Sister Elreda Huser, currently serving in the Japanese Province, wrote that "being six years younger than Sister Elvon, I remember always tagging after her and we were very close. Upon entering the same convent, I always looked up to her in her devotion to the care of the sick."
 
Education and assignments
Sister Elvon is a graduate of St. John’s School of Nursing, Springfield, IL and received post graduate education in surgery from St. John’s Hospital, Springfield. She later earned a bachelor’s degree in biology from DePaul University, Chicago. Her assignments in the Sisters’ sponsored hospitals include St. Joseph’s (Chippewa Falls, WI), St. John’s (Springfield, IL), St. Elizabeth’s (Belleville, IL), St. Vincent (Green Bay, WI), and St. Mary’s (Streator, IL). Currently, she serves at St. Nicholas Hospital, Sheboygan, WI in the Pastoral Care department and as a volunteer. She is pictured above in the chapel at St. Nicholas with Marilyn Roblee. 
 
Mary Brasseaux, Executive Vice President of St. Nicholas, recognizes the importance of mission integration and how the Sisters are an example to the physicians and employees. “Sister Elvon is a quiet yet constant reminder of the mission of the Hospital Sisters and why we are all here.”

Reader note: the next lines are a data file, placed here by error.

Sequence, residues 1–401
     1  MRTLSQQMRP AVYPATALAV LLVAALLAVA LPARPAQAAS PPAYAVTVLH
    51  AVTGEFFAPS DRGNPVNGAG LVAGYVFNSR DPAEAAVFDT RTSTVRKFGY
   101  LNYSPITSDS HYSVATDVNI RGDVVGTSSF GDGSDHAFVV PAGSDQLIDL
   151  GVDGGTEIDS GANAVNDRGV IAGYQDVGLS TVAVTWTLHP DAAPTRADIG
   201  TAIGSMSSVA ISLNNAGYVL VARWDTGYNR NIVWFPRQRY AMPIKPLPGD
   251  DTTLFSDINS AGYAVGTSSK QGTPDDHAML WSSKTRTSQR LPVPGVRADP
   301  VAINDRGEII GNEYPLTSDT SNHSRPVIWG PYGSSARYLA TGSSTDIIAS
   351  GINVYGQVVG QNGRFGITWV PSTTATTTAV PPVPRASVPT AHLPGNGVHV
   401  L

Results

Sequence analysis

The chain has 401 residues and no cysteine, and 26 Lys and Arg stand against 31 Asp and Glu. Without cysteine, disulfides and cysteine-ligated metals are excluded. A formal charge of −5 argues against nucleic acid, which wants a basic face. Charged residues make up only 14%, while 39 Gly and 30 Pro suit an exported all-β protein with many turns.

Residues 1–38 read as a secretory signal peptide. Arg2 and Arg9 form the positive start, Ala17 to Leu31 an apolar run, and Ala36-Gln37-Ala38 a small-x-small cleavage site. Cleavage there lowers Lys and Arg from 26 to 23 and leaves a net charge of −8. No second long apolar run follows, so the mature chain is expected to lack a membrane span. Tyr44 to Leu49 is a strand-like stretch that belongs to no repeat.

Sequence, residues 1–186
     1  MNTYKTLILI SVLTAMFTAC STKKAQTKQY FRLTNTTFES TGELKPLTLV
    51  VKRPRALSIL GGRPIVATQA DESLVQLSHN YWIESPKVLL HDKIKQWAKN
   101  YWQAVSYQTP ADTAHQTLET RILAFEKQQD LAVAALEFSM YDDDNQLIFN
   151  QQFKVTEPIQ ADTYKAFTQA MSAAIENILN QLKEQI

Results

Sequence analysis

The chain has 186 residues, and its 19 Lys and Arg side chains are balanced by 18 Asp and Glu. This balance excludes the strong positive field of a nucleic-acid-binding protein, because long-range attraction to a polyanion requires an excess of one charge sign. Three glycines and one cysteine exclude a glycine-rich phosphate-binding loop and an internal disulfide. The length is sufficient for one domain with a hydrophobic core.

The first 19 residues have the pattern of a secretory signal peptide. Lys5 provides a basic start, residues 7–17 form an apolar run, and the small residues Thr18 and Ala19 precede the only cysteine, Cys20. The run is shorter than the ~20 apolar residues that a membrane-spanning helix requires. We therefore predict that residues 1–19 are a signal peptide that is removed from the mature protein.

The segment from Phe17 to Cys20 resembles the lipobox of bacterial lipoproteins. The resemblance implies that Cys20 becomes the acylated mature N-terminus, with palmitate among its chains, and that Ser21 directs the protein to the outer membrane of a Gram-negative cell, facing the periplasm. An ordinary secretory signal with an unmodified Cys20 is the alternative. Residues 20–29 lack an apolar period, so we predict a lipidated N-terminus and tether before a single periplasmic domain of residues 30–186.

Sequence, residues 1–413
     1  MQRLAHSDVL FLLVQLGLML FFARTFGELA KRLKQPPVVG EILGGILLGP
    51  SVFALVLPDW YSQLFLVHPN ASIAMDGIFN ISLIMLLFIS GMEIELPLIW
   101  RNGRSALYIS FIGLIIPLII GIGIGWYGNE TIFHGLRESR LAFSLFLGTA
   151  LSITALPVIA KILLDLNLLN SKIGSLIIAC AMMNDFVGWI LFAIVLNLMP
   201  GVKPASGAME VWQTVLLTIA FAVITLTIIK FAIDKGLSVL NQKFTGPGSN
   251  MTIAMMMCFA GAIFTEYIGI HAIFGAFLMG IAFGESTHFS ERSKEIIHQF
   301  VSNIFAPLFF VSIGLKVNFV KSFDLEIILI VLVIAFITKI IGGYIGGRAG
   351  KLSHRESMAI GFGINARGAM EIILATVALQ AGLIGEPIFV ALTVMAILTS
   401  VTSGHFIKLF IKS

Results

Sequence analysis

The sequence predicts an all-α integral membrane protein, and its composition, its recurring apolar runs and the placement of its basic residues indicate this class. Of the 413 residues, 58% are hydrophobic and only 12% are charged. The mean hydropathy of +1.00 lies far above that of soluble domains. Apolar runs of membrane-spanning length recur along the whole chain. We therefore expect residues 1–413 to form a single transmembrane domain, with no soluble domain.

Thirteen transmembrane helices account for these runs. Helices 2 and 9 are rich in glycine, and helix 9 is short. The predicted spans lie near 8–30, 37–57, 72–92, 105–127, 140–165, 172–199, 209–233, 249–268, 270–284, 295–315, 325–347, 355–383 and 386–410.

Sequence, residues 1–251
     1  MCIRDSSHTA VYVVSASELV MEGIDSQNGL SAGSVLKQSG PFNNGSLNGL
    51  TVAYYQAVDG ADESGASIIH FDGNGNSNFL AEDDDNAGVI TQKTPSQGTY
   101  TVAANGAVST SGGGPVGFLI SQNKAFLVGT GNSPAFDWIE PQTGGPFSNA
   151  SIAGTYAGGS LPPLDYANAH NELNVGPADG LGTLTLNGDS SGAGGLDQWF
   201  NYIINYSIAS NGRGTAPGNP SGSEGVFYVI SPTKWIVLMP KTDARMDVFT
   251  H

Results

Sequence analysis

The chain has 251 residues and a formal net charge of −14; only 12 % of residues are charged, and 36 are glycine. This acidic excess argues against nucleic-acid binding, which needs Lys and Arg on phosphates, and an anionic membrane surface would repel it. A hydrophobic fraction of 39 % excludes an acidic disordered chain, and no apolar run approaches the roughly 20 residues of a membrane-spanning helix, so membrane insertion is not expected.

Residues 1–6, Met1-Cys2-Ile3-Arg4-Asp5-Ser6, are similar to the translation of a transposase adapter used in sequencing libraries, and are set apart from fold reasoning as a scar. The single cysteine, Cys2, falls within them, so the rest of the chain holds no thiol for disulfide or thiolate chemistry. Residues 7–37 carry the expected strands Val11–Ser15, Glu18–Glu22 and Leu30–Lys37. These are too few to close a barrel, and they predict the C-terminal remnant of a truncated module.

Experiences in Japan
One of the highlights Sister Elvon has experienced was traveling to Japan and the opportunity to see Sister Elreda. During one visit, she taught English to the Japanese Sisters during a seven month assignment. “I taught them two hours a day through conversation and pictures and I learned so much about the Japanese people and culture,” she added.
 
A final message
Throughout her life, Sister Elvon has trusted the inner voice that inspired her in her desire for a Catholic education, the strength to leave home, and the courage to understand the challenges in religious life and work as a nurse. Through it all there was a voice that reassured her. “I believe in the power of prayer and am grateful for the knowledge in knowing that the voice of God was speaking to me and continues to do so each day,” she concluded. 


Hospital Sisters of St. Francis 4 849 LaVerna Road, Springfield, IL 62707 (217)522-3386